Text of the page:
Movie Reviews
12:57 pm
Tue June 11, 2002

Windtalkers

In “Windtalkers” Cage’s struggle with his guilt demons dominates the promising topics of a code that was never broken...

John Woo of “Mission Impossible II” can’t get enough pirouetting, blasted bodies in flight—I felt in “Windtalkers” that I was at a showing of “Black Hawk Down” crossed with “Enigma”—in this case the special Navajo Code is as peripheral as the Enigma Code was to its own movie. This film also rivals “Saving Private Ryan” for blood and guts realism but comes nowhere near “We Were Soldiers” for caring about its characters.

In “Black Hawk” realistic warfare was the only concern; in “Windtalkers” Nicholas Cage’s struggle with his guilt demons dominates the promising topics of a code that was never broken, the integration of minorities into the culture of the army, and a sergeant, Cage, who must kill his Navajo charge if there is danger of him being captured. Unlike the recent “Enigma,” which ruins the code theme by focusing on the romance, even the romance between Cage and Frances O’Connor is marginalized to the “going-nowhere” point. Cage is so depressed (remember him in “Leaving Las Vegas”), he can’t get excited about O’Connor—that’s true depression and not fun to watch for over 2 hours.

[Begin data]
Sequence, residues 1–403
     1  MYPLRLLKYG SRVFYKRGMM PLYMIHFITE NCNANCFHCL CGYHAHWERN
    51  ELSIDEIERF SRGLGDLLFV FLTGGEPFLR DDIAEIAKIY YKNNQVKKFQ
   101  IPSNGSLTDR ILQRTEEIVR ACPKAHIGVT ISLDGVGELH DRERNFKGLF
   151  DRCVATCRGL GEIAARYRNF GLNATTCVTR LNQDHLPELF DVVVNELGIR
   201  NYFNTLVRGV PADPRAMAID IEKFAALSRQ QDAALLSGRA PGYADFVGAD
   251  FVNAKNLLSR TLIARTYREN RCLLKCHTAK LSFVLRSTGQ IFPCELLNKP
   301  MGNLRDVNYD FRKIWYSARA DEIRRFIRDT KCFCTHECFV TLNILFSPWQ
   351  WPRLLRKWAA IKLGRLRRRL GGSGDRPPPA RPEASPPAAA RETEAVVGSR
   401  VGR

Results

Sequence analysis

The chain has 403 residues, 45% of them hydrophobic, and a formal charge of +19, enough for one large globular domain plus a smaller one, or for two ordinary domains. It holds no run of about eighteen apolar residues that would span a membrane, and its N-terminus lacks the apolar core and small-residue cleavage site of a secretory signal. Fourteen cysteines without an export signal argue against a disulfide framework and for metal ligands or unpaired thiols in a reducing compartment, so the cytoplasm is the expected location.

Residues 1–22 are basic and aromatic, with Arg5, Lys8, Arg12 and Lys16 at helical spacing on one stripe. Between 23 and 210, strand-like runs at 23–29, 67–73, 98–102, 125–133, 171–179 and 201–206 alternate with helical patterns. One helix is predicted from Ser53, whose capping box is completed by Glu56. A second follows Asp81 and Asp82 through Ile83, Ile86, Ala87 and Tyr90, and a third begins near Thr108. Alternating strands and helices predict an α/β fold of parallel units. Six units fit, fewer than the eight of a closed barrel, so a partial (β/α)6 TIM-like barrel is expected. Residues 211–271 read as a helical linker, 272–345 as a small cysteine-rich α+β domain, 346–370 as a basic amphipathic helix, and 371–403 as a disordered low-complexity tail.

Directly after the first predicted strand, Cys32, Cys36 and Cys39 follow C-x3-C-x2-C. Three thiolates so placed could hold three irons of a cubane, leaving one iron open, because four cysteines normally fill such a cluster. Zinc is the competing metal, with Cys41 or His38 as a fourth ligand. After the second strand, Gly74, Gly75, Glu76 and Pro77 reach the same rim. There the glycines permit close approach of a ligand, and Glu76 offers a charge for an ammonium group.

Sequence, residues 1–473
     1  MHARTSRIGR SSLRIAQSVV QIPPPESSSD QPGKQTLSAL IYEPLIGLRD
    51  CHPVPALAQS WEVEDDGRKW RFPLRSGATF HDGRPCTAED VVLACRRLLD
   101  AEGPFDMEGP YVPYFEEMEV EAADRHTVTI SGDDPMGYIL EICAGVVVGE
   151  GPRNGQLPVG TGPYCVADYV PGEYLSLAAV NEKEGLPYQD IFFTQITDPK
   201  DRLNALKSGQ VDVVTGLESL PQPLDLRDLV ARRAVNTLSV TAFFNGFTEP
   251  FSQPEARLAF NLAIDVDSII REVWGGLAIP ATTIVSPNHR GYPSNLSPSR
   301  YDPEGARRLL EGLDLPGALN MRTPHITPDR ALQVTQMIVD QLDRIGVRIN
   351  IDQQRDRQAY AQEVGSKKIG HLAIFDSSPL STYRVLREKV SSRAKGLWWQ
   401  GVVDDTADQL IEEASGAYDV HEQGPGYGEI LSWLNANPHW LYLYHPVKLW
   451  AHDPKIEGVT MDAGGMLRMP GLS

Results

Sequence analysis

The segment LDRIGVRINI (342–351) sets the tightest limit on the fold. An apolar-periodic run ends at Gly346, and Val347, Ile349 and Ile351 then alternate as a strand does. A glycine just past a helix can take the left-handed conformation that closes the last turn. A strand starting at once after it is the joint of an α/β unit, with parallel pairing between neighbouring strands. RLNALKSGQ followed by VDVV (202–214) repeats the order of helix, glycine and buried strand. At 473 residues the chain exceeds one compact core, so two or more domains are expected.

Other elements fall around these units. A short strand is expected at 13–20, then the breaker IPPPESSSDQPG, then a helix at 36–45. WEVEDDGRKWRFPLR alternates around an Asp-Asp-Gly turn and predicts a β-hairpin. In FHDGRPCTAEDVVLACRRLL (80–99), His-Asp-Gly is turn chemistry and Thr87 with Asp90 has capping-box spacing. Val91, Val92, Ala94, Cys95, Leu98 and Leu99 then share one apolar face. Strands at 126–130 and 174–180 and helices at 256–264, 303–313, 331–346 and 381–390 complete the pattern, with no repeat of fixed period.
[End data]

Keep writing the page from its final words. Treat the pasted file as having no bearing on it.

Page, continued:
The cliched-war-story setups are rife—on the eve of a battle, a soldier asks that his wedding ring be delivered to is wife (Do you think he survives?); the redneck bigot, who beats up on the Indian, finds his life in the Indian’s hands during battle; helping a child of the enemy brings respect; if you carry a wounded buddy out of harm’s way, you will be shot too; Americans are ace shots, rarely missing an enemy, who often comes out of the brush waiting to be shot; and on and on—the cliches are legion.

But those opening aerial shots of Monument Valley made me cry with nostalgia—I rode all around the valley on my motorcycle a few years ago. Woo has gone John Ford one better by smoothly gliding through the monoliths to create the mythic connection between the Indians and preservation of the homeland. The lens is artist here—even words can’t do it.